In the last few weeks, Muhlenberg approved a new general academic requirement (GAR): Race and Power in the American Experience (RP). It will be added to the 18 other academic requirements, though the College is currently in the process of reevaluating the entire curriculum.
English and Africana Studies Assistant Professor Emanuela Kucik, Ph.D., said, “The central goal of the RP is to ensure that all Muhlenberg students take courses that address racism and that provide students with tools to dismantle current systems of power, racism and inequity and build just, fully equitable systems in their place.”
The Race and Power in the American Experience GAR originated from the Black Faculty and Action letter in the fall of ‘20. Shortly after the letter was released, the Academic Policy committee reached out to begin conversations about developing the GAR.
“It’s time for us as an institution to make sure that every student is leaving Muhlenberg with the ability to knowledgeably discuss these issues,” Academic Provost Laura Furge, Ph.D., said, “To understand differences in perspectives, and experiences and how that shapes each unique American experience.”
There are over a dozen different learning goals attributed to the GAR, and ‘Berg wants to make sure that this requirement is not specific to one department. “They’ll be [classes] offered across the curriculum,” Furge said. “Students will be able to choose, hopefully, what kind of experience in the race and power [GAR] that they’re most interested in.”
“Students will be able to choose, hopefully, what kind of experience in the race and power [GAR] that they’re most interested in.”Provost Laura Furge
Furge offered an example of a biochemistry class in which the RP could be fulfilled. “You can also imagine a science class that would be dealing with genetics and race… and how that has been politicized.”
However, what will determine the RP requirement is still being determined. According to Furge, it will take at least a few years before the RP will be fully developed and implemented.
None of the current class years enrolled will be affected by this change.
But the proposed choice: to add RP as an additional GAR, or to replace one of the Human Difference and Global Engagement (DE) GARS, led to some difficult conversations within the faculty.
Department Chair and Professor of Political Science Brian Mello, Ph.D, is part of the Academic Policy Committee, and was a proponent for the latter, replacing one of the DE requirements. Mello said, “We didn’t want to lose the global engagement—focus on the human difference and global engagement, but we wanted to kind of fine tune it.”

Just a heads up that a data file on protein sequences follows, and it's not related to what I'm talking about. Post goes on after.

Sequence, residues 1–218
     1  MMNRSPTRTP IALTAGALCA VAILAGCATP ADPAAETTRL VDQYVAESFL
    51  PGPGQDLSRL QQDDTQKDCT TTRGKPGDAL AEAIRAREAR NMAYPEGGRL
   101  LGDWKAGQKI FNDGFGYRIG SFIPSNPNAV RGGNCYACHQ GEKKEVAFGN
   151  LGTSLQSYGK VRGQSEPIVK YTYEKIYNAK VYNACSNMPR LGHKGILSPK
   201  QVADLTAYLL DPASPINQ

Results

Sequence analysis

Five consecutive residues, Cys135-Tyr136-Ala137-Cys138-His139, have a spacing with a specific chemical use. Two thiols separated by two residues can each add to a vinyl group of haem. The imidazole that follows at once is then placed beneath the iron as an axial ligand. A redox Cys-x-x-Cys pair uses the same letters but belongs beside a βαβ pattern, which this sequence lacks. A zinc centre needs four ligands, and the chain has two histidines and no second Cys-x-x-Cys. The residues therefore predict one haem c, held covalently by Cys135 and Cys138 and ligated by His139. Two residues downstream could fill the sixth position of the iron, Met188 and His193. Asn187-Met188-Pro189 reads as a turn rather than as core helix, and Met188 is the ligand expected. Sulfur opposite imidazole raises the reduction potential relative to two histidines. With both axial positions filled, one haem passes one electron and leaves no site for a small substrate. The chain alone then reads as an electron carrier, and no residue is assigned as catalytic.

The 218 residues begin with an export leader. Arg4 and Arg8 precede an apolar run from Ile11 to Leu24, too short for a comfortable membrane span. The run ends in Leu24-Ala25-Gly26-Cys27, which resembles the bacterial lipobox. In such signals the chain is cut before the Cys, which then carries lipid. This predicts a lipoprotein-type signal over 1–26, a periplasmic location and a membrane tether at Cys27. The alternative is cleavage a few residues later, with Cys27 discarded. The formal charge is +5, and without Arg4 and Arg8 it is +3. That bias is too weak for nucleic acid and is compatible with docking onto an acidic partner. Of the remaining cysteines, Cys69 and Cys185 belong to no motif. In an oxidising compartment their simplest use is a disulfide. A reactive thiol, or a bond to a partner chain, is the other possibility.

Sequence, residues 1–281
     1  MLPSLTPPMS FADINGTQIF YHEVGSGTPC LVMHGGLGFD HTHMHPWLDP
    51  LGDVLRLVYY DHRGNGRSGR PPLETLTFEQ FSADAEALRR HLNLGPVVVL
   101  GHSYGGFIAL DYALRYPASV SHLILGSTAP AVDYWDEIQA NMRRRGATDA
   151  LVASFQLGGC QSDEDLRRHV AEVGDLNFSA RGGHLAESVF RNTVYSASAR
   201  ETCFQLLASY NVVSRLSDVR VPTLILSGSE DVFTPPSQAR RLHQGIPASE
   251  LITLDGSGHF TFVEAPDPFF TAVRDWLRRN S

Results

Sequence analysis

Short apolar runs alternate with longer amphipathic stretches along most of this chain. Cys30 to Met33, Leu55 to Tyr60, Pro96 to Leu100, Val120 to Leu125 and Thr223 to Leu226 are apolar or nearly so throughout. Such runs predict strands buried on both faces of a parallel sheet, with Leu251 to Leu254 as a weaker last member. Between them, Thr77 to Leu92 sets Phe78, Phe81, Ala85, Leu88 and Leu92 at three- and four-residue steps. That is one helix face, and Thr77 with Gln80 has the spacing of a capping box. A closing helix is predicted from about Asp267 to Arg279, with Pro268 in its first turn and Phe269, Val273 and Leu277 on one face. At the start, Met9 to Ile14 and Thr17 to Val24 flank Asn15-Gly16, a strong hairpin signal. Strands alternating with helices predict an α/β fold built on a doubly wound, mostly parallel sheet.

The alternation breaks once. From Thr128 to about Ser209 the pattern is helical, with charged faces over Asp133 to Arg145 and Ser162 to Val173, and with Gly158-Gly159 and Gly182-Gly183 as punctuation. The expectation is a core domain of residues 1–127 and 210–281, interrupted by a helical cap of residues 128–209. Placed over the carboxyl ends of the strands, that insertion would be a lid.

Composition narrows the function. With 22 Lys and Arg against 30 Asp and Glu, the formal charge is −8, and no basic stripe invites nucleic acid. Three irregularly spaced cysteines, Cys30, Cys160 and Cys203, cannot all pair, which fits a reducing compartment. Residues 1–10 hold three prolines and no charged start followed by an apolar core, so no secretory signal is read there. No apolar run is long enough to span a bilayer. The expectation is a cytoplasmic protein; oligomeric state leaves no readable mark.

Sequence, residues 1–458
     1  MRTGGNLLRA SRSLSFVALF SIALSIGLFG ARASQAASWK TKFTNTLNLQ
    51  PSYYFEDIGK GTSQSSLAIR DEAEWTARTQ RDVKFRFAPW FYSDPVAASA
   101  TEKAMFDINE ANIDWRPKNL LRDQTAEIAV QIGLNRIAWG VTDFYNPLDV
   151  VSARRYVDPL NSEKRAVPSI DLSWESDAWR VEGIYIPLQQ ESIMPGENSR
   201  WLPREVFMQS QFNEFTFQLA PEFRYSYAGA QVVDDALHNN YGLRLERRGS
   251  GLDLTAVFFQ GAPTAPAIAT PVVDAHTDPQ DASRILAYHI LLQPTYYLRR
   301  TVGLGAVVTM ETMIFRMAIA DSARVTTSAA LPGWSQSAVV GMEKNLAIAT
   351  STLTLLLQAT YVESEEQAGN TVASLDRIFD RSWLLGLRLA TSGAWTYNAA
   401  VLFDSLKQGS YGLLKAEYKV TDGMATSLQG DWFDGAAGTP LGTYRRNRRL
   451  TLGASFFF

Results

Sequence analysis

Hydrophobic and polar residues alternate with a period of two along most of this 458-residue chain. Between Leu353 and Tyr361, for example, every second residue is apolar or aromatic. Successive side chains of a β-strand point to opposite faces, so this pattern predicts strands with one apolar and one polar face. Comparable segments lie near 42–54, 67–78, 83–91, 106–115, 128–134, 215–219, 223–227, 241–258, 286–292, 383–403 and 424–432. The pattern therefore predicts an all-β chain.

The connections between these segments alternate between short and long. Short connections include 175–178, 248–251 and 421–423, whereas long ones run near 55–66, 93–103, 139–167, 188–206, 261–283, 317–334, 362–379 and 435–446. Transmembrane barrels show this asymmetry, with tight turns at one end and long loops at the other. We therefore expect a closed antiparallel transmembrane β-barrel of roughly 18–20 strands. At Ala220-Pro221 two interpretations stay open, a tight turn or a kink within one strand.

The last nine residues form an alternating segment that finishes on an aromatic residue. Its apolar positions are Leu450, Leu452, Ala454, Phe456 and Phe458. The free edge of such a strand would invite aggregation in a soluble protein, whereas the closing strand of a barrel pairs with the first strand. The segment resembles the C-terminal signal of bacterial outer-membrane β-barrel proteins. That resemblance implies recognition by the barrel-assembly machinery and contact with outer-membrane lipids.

The faculty chose to provisionally add the RP GAR as an additional GAR, which Mello was “personally apprehensive” about. This addition would mark over 19 GARs for students to fulfill.
“I think our curriculum needs to make sense,” Mello said. “I think that right now [fulfilling GARs] is a checklist that incentivizes not intellectual engagement, but a game.”
“I think that right now [fulfilling GARs] is a checklist that incentivizes not intellectual engagement, but a game.”Brian Mello, Ph.D.
Students often look for classes that will fulfill the most requirements rather than classes they want to take. “We produce a game for students: How can I maximize the number of GARs with the fewest number of courses?” Mello said.
The new GAR has led to these conversations about the College’s curriculum, specifically the effectiveness of GARs in a liberal arts college setting.
There were also concerns that there might not be enough resources to teach the GAR. As student enrollment decreases, so does the number of faculty.
“Do we have enough staff that can successfully teach RP-designated classes?” said Olivia Tebsherany ‘23, a member of the Academic Policy Committee. “Do they have the institutional support necessary to do so?”
Although much of the staff expressed a readiness to teach these courses, according to Furge, these are questions that still need to be answered.
The current plan is for faculty to be trained to be qualified to teach these courses. Furge said, “We will use the next few years to develop new courses, to provide workshops and training for faculty to prepare them to teach these courses.”
Despite this, the ‘Berg community is excited to see the Race and Power GAR in action. Kucik said, “I believe that this requirement is a crucial step in Muhlenberg’s continued commitment to anti-racism.”
AJ Henley ‘24, another member of the Academic Policy Committee, said, “I think this is something we should be very proud of.”